Saturday, September 13, 2008

Vintage Footage of CCC in the Smoky Mountains

In light of the 75th Anniversary celebration of the Civilian Conservation Corps that will be occurring in the Smoky Mountains later this month, I thought I would share an interesting video I recently ran into.

The film was produced by the U.S. Department of Interior back in 1936 and appears to be a newsreel type production, popular during that time period.

The 10 minute film focuses on the CCC in the Smoky Mountains. In addition to scenic shots highlighting the natural beauty of the Smokies, the film shows CCC corp men building the Newfound Gap Road and a couple of trail bridges. The film also takes an interesting look at the CCC camps. The young men obviously had a sense of humor. Using makeshift signs, they gave names to their bunkhouses, such as the Ritz Carlton or the Astor Hotel.

As I mentioned in a post from a couple of days ago, there are a handful of park ranger lead hikes in conjunction with the celebration. This is great opportunity to explore the role and the legacy of the CCC in the Smoky Mountains.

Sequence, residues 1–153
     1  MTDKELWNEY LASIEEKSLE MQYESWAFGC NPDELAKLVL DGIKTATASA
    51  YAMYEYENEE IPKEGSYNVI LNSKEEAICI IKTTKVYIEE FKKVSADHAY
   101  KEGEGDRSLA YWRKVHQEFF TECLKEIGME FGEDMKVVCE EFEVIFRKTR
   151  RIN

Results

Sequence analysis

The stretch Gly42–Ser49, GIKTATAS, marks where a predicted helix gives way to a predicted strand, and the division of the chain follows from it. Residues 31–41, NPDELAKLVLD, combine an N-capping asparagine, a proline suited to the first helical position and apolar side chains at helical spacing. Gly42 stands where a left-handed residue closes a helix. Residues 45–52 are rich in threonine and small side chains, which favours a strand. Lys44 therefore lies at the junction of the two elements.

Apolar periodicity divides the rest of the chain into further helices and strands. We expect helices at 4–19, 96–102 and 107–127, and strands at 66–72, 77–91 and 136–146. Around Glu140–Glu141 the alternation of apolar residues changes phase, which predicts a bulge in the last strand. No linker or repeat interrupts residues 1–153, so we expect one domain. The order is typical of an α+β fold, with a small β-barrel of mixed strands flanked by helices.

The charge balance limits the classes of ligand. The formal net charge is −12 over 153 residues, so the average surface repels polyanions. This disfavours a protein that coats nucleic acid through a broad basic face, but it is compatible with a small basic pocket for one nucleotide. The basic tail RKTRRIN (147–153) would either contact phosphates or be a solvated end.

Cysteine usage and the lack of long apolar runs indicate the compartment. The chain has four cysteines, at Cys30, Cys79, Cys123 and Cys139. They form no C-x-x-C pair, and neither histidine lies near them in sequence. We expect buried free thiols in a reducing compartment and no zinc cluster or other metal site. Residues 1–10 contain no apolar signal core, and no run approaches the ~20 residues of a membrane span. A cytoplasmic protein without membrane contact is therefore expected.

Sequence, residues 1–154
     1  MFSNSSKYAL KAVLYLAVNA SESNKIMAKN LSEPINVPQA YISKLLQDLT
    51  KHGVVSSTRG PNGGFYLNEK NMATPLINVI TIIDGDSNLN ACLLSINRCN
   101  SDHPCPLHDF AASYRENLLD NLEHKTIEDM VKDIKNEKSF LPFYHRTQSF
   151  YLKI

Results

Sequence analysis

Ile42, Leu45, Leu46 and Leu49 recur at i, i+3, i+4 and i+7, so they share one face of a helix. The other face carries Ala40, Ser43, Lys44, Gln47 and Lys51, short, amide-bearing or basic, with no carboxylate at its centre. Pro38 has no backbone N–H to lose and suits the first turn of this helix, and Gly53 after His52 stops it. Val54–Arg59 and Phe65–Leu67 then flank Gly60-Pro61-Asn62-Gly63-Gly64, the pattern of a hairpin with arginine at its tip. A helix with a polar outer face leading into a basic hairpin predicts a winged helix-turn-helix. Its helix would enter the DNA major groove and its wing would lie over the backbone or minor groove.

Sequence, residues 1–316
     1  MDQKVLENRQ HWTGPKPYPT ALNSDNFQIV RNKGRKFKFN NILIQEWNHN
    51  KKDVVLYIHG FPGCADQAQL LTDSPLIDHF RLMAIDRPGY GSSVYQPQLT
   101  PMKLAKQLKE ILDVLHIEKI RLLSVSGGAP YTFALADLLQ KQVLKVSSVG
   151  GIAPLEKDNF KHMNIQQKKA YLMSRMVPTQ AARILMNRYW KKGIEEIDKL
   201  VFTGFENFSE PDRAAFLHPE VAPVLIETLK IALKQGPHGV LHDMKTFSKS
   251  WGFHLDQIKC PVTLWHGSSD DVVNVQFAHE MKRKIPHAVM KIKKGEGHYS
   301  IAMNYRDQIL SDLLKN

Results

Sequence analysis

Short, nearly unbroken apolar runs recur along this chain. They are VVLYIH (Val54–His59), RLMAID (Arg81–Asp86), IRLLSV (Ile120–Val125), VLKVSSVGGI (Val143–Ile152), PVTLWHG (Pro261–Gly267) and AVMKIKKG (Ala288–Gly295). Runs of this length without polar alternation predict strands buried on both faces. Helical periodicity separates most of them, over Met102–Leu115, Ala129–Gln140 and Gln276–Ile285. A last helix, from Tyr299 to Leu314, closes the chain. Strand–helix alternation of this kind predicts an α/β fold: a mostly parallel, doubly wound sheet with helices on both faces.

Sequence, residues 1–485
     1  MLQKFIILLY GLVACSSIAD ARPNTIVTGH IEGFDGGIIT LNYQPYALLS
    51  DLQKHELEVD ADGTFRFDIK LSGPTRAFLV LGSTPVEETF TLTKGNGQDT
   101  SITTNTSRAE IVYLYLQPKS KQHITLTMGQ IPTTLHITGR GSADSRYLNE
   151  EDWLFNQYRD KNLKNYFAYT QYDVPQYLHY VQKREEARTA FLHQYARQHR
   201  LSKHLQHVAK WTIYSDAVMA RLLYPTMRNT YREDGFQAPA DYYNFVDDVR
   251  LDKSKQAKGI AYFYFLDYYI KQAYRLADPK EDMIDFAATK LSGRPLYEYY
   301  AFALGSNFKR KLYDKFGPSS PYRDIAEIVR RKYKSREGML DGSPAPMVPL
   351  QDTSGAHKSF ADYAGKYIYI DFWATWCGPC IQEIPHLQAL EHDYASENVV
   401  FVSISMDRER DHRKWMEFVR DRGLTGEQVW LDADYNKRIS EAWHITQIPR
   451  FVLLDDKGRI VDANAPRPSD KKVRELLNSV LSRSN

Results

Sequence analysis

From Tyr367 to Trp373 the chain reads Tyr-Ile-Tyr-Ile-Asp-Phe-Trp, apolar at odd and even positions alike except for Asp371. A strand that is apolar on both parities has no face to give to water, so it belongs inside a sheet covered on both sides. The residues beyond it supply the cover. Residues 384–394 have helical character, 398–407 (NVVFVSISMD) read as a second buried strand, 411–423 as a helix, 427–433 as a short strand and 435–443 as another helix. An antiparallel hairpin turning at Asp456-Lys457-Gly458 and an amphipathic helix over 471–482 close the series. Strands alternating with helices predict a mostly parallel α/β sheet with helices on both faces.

I wasn't able to embed the video into this post, but you can click here to view it.


Jeff

HikingintheSmokys.com Detailed information on trails in the Smoky Mountains; includes trail descriptions, key features, pictures, video, maps, elevation profiles, news, hiking gear store, and more.

2 comments:

Anonymous said...

Thanks for posting Jeff, that was very interesting. When I was in college we had a visiting professor who had been a CCC enrollee. He was fascinating to talk to.

juggler

JDA said...

Hi Jeff

Interesting that the CCC help create most of the municipal, state and federal public lands into a legacy that we all enjoy today. I am headed to Washington to head a grassroots effort to get Ted Kennedy and Orin Hatch to reactivate the CCC rather than pump money into Americorps. Please look up on the petition site or google - National Petition to Reactivate the US Civilain Conservation Corps...Seems we have to take two steps back to 1933 into the 20th Century for our banking problems too. JDA, St Petersburg, FL.